Whistleblowing review could support ‘speak up culture’, experts suggest

Legal commentators advise employers to evaluate current policies now as changes may not come into effect until next year

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The government’s whistleblowing review could lead to more protection for those who speak up against wrongdoing in the workplace, experts have said.

The Department for Business and Trade (DBT) announced on Monday that the government will look into the effectiveness of laws that support and protect workers blowing the whistle in the workplace.

Helen Farr, partner and employment lawyer at international law firm Taylor Wessing, said the government may look to focus on anonymity during its review, which could “support and encourage a speak up culture” in workplaces.

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“One concept that has been introduced in mainland Europe (part of the EU Whistleblowing Directive) is that there should be a confidential reporting line that allows employees to protect their identity and remain anonymous,” she said. “This may be an idea that is adopted in the UK.”

Currently, workers who whistleblow are entitled to protections – including protection from detriment or dismissal as a result of blowing the whistle, and a route of redress through the Employment Tribunals if these protections are infringed –  under the Public Interest Disclosure Act 1998 (PIDA). 

Despite the government introduction of a new requirement on prescribed persons to report on the whistleblowing disclosures received, introduced in 2017, the report outlines calls for a reform to the whistleblowing framework to “expand and reorganise” responsibilities for whistleblowing. 

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Chris Preston, director at The Culture Builders, said more whistleblowing protections would mean employers “need to look at their work culture” but notes that a speak up culture can prove vital in preserving a company’s identity.

“A healthy speak-up culture gives the organisation the chance to address behaviours before they develop into something potentially damaging,” he said. 

“This calls for clear processes that enable these difficult conversations to take place without fear of harm professionally to the individual who spoke up,” he added that  speaking up needs to be “actively encouraged” as part of a psychologically safe work culture, which could result in employers “never having to deal” with whistleblowing if done effectively.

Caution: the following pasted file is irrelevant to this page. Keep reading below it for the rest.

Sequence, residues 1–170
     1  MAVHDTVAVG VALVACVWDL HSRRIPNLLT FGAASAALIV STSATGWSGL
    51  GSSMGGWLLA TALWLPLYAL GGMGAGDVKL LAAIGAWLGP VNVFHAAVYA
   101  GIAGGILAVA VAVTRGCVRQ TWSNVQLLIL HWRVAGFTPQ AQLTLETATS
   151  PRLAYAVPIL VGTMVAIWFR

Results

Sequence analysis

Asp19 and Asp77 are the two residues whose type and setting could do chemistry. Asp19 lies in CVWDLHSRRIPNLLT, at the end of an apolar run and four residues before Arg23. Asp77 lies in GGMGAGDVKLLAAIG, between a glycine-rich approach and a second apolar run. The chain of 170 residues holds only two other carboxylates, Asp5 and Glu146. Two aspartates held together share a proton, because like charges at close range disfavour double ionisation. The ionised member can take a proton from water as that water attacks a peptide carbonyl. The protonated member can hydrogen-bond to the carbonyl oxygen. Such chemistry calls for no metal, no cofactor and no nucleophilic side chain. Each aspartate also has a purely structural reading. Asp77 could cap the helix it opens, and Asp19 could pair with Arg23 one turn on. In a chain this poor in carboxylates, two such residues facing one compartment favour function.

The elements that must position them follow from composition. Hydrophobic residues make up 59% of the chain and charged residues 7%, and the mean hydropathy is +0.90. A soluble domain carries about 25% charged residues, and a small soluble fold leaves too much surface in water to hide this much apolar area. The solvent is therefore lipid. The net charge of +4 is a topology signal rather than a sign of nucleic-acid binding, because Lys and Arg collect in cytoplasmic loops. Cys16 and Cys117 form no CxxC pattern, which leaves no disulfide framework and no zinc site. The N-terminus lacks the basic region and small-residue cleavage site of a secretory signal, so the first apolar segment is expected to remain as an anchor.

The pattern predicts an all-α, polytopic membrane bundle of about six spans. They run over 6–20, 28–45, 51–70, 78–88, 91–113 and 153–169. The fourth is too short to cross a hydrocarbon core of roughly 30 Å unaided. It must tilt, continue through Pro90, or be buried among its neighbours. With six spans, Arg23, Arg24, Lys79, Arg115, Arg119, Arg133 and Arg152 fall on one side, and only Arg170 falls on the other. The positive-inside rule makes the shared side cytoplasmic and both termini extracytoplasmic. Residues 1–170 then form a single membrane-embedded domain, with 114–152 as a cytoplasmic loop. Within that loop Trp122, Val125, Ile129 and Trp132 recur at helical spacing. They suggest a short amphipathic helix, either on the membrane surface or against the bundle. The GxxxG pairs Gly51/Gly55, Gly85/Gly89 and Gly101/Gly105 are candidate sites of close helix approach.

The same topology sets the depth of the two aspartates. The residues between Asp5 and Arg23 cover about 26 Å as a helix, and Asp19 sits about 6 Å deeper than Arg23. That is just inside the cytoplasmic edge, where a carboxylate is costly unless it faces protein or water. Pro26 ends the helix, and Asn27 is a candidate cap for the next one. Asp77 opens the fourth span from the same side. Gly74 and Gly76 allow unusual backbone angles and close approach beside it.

A recent  study by Safecall found more than half (57 per cent) of HR professionals surveyed believed that their employees were actively encouraged to report wrongdoing. 

However, just 42.6 per cent said employees “generally feel safe” to do so and the majority (74 per cent) of HR professionals could not be certain that whistleblowers were confident in raising concerns.

Additionally, the Safecall data found one in five (20 per cent) organisations have whistleblowing processes that their employees would find to be “highly untrustworthy”.

The DBT review, which is anticipated to conclude by Autumn this year, will lead a particular focus on who is covered by whistleblowing protections, the availability of information and guidance for whistleblowing from employers, and how employers respond to disclosures.

It will also seek views and evidence from whistleblowers, key charities, employers and regulators. 

Danielle Parsons, employment partner at Irwin Mitchell, outlined the areas and gaps in the legal protection for whistleblowing that may be filled as a result of the government’s review.

“Currently whistleblowers have rights if they are subjected to detriment or if they are dismissed after making protected disclosures, otherwise they do not have any legal protection,” she said.

“There is also no protection for individuals like trainees, trustees and volunteers, and if the individual is not an employee there are sometimes difficult legal arguments that need to be made on worker status for whistleblowers to achieve legal protection. These aspects of the law are likely to now be subject to scrutiny as part of this review and could be subject to change.”

Alexandra Mizzi, legal director at Howard Kennedy, added that the current whistleblowing legislation framework also fails to protect job applicants.

“Job applicants, except for NHS applicants, are not protected,” she said. “If a job offer is withdrawn when the employer finds out that the applicant blew the whistle in their last role, the applicant will not be able to bring a whistleblowing claim in the Tribunal.”

Mizzi also suggested the review could focus on fixing a requirement for larger employers in the UK to have specific whistleblowing procedures in place, where concerns are raised and investigated, akin to the EU Whistleblowing Directive.

“Currently this is only a requirement in financial services, unlike the position across the EU, where employers with 50 or more workers are required to have reporting procedures in place,” she added.

Kate Palmer, HR advice and consultancy director at Peninsula, said that although changes “likely will be into next year”, employers should take the government’s announcement as an opportunity to evaluate their whistleblowing guidelines.

“In the meantime, employers should review their internal policies and procedures, to make sure employees have the opportunity to raise any concerns or allegations of wrongdoing,” she said. “This might mean making amends to their grievance and/or whistleblowing processes, as well as providing further training to managers on how to handle complaints effectively.”